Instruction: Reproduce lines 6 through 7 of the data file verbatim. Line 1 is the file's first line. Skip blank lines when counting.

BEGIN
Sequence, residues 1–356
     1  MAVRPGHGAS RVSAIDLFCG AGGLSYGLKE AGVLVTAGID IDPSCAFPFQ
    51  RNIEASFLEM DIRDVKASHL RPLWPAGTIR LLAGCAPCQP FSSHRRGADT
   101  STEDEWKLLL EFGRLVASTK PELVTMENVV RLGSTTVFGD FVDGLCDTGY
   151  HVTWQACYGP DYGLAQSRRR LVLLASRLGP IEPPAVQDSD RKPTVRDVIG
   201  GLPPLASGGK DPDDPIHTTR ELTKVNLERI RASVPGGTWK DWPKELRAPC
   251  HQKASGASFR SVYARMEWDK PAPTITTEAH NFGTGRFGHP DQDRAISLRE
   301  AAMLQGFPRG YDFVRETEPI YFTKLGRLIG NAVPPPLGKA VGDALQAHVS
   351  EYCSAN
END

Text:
   201  GLPPLASGGK DPDDPIHTTR ELTKVNLERI RASVPGGTWK DWPKELRAPC
   251  HQKASGASFR SVYARMEWDK PAPTITTEAH NFGTGRFGHP DQDRAISLRE